Wednesday, July 21, 2010

Is suicide contagious? Wednesday, July 21, 2010

“Whether to kill yourself or not is one of the most important decisions a teenager can make.” --Clueless schoolteacher Pauline Fleming, “Heathers”

In the 1989 cult hit movie “Heathers,” a group of popular girls runs into a snag when they disguise the murder of a classmate as a suicide – only to discover that the girl they killed becomes even more popular after her death.

Like authors who only become famous after they die, they decide, teenagers become ultra-cool if they kill themselves. Suicide becomes the cool topic of discussion, and faux rock band Big Fun performs the song, “Teenage Suicide (Don’t Do It).” Of course, it doesn’t occur to the characters of this dark comedy that by committing suicide, they won’t be around to enjoy their newfound popularity.

I don’t think anyone commits suicide to be “cool,” but it’s true that, at least among young people, suicide seems to be contagious. School counselors are familiar with “suicide clusters,” which may or may not involve actual pacts, but involve young people who knew each other. When a suicide of a youth hits the press, it’s not uncommon for other youths to attempt, especially if the method is mentioned.

And now with social networking, the news of a suicide has a limitless reach. “Sensationalizing suicide, whether done by the media or on a Facebook page, can offer other troubled individuals what seems like a solution to their own problems,” says AOL writer David Knowles.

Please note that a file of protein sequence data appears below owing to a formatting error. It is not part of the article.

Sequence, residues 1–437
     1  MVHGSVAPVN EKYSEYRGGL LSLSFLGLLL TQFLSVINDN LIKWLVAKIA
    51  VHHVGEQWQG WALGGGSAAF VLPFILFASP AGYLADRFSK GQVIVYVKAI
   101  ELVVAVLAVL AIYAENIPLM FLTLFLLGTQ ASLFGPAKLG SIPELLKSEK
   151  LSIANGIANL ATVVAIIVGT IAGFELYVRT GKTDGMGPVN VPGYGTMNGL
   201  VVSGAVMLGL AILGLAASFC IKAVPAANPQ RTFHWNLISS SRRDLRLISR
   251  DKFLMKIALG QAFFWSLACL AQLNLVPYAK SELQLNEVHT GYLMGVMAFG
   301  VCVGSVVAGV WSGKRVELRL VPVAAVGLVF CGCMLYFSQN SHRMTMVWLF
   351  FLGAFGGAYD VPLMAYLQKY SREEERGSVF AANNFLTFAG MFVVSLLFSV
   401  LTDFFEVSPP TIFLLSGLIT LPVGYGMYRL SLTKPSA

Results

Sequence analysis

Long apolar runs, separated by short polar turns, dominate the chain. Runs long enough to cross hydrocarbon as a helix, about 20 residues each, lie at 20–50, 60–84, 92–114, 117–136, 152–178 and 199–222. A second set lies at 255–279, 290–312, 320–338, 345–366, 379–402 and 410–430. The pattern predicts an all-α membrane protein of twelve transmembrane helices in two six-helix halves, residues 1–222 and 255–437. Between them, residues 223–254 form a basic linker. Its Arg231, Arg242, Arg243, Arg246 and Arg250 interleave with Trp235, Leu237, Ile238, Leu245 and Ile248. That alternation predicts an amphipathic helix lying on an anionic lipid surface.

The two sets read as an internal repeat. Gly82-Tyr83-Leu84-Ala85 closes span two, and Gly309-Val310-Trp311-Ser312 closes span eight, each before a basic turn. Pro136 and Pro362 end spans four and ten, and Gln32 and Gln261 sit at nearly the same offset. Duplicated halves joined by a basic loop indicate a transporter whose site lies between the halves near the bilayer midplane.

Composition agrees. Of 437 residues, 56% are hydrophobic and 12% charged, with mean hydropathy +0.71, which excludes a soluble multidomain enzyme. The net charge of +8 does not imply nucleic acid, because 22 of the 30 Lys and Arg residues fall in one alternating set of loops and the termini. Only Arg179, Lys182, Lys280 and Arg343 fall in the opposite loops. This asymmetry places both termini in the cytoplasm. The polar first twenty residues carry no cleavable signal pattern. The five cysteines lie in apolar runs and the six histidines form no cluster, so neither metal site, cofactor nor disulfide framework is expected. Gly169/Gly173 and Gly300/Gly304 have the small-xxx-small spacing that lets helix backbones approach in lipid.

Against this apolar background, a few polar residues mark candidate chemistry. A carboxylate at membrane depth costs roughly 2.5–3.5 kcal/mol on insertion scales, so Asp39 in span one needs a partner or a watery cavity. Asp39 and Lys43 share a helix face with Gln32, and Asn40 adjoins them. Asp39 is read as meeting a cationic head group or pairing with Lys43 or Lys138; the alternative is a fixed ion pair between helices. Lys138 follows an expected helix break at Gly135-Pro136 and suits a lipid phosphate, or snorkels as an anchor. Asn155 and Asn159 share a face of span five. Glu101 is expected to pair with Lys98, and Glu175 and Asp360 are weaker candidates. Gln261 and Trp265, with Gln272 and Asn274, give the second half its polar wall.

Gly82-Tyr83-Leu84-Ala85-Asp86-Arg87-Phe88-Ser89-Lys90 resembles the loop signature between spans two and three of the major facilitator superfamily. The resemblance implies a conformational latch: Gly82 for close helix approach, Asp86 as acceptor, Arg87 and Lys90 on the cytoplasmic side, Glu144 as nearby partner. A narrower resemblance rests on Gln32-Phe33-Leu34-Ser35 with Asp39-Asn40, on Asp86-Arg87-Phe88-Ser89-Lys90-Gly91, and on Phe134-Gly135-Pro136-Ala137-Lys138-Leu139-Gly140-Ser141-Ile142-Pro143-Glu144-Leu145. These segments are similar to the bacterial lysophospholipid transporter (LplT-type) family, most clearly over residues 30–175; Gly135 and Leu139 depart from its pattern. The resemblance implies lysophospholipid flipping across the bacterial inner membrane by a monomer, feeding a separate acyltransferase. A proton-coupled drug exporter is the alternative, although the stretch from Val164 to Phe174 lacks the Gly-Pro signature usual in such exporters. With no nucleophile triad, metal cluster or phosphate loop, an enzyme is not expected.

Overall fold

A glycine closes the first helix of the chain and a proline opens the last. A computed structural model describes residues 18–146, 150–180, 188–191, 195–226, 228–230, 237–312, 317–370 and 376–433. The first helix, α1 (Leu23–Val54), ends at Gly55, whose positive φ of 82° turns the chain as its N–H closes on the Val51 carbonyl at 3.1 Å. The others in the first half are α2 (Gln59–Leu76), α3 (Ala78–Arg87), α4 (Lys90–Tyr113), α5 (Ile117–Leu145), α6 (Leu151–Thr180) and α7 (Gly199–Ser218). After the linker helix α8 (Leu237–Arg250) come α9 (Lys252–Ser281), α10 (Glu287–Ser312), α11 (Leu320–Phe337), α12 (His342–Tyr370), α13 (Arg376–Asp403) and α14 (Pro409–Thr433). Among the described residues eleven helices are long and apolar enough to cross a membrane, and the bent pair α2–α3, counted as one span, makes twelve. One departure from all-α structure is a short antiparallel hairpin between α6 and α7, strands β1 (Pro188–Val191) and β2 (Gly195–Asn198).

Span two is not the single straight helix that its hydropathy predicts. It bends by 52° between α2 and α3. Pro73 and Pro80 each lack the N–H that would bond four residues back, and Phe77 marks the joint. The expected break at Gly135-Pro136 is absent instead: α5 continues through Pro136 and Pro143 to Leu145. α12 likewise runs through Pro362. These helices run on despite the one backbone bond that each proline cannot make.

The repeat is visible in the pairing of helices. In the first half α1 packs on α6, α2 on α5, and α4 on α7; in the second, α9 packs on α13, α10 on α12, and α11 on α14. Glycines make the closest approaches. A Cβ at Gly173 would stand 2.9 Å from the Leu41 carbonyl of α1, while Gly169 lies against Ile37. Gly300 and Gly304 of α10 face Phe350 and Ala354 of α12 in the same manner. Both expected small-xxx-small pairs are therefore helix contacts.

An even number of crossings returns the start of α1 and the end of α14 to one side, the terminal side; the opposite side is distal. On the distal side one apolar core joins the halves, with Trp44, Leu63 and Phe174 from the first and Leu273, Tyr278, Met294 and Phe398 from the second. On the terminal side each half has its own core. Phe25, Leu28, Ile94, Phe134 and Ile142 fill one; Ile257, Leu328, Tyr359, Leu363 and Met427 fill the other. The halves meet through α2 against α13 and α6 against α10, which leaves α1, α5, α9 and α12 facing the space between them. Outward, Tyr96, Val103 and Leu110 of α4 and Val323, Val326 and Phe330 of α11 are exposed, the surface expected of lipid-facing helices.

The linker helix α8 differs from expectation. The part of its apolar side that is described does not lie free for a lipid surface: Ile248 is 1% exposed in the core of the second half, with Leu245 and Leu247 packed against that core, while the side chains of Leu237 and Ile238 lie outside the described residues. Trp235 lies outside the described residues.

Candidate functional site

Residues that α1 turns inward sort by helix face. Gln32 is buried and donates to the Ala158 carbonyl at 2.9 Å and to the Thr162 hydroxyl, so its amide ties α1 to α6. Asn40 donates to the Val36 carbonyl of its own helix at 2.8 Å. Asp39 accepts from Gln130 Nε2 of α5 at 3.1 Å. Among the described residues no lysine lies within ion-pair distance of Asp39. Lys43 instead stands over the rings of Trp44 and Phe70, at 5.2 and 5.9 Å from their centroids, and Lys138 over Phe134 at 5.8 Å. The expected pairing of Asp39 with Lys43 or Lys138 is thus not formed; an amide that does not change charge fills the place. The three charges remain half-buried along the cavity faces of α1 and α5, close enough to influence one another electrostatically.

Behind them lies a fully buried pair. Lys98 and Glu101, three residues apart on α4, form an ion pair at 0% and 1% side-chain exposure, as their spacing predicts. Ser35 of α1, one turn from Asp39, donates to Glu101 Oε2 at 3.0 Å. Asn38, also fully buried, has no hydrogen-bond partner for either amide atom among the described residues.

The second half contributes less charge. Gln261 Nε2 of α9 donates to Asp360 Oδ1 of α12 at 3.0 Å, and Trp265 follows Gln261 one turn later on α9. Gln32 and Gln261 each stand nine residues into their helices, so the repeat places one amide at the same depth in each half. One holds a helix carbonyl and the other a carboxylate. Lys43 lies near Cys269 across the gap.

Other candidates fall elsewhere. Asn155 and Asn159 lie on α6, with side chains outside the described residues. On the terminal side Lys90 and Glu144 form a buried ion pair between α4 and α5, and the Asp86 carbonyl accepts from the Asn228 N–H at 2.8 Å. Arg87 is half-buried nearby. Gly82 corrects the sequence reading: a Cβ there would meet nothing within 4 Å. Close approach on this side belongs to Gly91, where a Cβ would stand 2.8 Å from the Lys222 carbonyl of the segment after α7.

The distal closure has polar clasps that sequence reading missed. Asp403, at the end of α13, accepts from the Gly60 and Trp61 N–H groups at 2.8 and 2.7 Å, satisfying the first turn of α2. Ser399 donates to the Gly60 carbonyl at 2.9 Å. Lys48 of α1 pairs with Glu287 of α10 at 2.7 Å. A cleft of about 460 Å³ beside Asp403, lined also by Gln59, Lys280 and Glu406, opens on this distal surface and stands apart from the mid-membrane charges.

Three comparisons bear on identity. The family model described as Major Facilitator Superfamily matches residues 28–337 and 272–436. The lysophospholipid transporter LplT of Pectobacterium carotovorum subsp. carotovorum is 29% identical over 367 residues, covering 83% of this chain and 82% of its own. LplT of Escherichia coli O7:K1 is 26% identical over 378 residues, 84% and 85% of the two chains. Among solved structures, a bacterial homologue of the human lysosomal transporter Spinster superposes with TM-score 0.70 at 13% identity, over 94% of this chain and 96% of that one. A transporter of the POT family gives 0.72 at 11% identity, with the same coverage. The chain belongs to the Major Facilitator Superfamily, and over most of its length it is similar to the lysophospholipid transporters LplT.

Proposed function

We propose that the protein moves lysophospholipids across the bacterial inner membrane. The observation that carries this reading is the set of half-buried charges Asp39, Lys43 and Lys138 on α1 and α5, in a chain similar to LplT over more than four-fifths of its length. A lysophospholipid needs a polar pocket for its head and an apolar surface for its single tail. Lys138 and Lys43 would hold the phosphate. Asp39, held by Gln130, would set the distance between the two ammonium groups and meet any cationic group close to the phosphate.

When I started my SAS group in April, I didn’t know what to expect. I needed to share my experience with people who understood. I had no idea that so many young girls would join, or that some of them would seek me out as a special friend to confide in.

Now, having the SAS group gives me a special responsibility. Regretfully, I can’t prevent a suicide, even if I try my best to help. But if one occurs, I’ll need to handle it in a sensitive and cautious way.

I hope it never happens. But should someone in “my” group take his or her life, I won’t be creating a special Facebook memorial page for them. I won’t be the main support for friends that are grieving – they’ll have to go to their own families, and hopefully professionals, for that. I won’t keep “secrets” about plans or pacts – I’ll seek out other adults for help.

“Heathers” was wickedly funny, but “IRL,” suicide isn’t cool. And I won’t do anything to make it look that way.

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